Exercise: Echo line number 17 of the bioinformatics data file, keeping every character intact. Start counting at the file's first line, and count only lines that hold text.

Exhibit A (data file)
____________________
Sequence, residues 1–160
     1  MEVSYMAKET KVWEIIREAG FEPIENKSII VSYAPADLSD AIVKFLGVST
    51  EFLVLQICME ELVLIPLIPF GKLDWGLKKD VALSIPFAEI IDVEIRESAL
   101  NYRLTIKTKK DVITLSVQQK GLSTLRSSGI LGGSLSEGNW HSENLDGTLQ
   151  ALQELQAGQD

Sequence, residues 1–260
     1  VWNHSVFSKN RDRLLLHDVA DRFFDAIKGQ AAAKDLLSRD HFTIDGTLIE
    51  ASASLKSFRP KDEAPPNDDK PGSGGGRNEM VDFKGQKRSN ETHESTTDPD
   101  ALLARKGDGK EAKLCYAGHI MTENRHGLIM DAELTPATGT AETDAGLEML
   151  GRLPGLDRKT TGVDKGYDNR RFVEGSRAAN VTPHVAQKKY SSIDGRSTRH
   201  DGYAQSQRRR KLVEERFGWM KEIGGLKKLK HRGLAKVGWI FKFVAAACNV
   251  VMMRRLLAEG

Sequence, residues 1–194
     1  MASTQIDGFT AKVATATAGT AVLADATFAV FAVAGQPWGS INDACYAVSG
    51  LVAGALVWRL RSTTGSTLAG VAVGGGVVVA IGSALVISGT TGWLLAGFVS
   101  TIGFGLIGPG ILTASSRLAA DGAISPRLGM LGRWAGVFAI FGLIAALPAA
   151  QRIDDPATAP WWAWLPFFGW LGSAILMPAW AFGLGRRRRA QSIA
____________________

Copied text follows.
   151  QRIDDPATAP WWAWLPFFGW LGSAILMPAW AFGLGRRRRA QSIA